About CIA


Section 11. Special Cases

Accessibility Score Sheet Questions

11.1    Is an Assistive Technology accessible version available for information that cannot be made compliant any other way?

11.2    If any image maps are used, are they client side image maps or are redundant text links provided?

11.3    If a specialized applet, plug-in or software is required, is a link to download it provided?

11.4    If unique display techniques are developed, is text also written to the screen through the operating system?


While these situations should only occur rarely, they are included for completeness. An alternate accessible version may be provided when the content cannot be made accessible in any other way. In general, it is best to avoid maintaining two baselines because it is difficult to ensure they both remain up-to-date and that the content is comparable. That said, both technology and content limits may require an alternate version. For example, the browser baseline may not be up-to-date enough to support the accessible solution (though in this case it is often best to build accessibility in for when the technology catches up) or the content may take advantage of a single sense, such as image comparison. In these cases, creating an accessible version may be a good solution. It is worth examining if the accessible version would help all users. For example, a text alternative is needed for a map that shows a route visually, however this list of directions often helps all users.

Image maps are not commonly used, but if they are, assistive technology is better able to access client side image maps rather than server side image maps. If server side image maps are used then listing links below the image resolves the access problems. This is often a good solution for all users regardless of which type of image is used.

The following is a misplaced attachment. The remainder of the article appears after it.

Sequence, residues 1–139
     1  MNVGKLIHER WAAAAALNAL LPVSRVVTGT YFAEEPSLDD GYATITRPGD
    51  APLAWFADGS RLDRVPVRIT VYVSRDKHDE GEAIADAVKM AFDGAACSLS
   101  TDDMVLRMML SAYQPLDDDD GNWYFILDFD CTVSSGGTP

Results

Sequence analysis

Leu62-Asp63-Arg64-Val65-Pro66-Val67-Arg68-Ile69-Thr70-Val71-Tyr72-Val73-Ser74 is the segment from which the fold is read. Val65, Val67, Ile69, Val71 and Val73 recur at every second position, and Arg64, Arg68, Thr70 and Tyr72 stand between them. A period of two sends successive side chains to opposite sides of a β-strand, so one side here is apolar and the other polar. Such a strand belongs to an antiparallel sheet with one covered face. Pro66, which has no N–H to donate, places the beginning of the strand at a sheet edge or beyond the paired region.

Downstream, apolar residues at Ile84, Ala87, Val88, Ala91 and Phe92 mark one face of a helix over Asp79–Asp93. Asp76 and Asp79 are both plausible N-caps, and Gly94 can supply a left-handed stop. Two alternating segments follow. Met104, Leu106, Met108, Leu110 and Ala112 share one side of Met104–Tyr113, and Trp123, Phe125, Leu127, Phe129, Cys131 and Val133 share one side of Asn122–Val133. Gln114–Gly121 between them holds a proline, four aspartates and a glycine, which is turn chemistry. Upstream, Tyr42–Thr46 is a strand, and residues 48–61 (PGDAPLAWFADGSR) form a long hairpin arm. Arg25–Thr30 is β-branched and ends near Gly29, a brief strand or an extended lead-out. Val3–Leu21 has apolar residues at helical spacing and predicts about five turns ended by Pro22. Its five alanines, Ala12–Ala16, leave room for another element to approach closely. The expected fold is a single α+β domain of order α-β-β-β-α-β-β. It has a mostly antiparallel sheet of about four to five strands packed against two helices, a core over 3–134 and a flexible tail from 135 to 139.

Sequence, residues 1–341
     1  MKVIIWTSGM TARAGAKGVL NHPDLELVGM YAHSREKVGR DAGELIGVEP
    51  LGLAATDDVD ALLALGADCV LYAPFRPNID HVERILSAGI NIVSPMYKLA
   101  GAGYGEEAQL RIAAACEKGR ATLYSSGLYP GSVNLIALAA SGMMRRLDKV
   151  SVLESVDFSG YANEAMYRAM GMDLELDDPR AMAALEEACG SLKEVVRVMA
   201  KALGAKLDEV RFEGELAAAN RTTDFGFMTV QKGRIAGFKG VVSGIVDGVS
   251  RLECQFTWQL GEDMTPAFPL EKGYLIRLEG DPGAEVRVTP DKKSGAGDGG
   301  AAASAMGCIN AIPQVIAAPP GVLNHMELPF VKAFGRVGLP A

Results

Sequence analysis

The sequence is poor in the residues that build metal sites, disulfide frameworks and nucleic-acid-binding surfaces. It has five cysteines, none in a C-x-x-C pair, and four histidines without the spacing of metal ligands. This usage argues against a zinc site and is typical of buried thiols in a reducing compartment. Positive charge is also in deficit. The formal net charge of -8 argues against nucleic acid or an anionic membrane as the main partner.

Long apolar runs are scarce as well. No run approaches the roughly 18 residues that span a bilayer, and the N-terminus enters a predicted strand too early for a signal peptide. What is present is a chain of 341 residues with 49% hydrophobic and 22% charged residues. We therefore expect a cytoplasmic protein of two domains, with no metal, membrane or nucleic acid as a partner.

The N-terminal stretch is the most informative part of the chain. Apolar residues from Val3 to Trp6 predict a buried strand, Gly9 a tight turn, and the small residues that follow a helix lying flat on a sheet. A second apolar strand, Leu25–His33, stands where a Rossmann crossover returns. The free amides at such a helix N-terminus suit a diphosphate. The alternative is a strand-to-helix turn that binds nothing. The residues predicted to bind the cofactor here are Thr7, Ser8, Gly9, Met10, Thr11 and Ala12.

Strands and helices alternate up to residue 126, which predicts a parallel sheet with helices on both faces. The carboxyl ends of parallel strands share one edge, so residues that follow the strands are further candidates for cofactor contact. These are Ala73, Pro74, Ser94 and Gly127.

Because navigating is often more work intensive for assistive technology users, providing a link for any specialized software needed makes it easier for everyone to access your content.

Finally, if a client application or new hardware is developed that has new or customized display techniques, these should be tested with assistive technology to ensure they are able to read the output.

Test Approach

1. Is content within the application unable to be made accessible? If so, check to see if a comparable, accessible version of that content is available. Compare the content to ensure both convey the same information and are up to date.

2. Visually inspect the interface or use the FF Accessibility Toolbar to locate any image maps. If found, ask developer whether the image map is server or client side. Visually inspect the image map for text links and click links to ensure they provide comparable information.

3. Ask the developers if the end user will need to download and install specialized software. If needed, visually inspect the interface to determine if a link is provided.

4. This is client only and only applies when you’ve developed a unique way of displaying information, usually overriding the operating systems controllers. If needed, test with a screen reader to ensure it correctly interprets the content.

Posted: Jan 07, 2016 12:41 PM
Last Updated: Jan 07, 2016 12:41 PM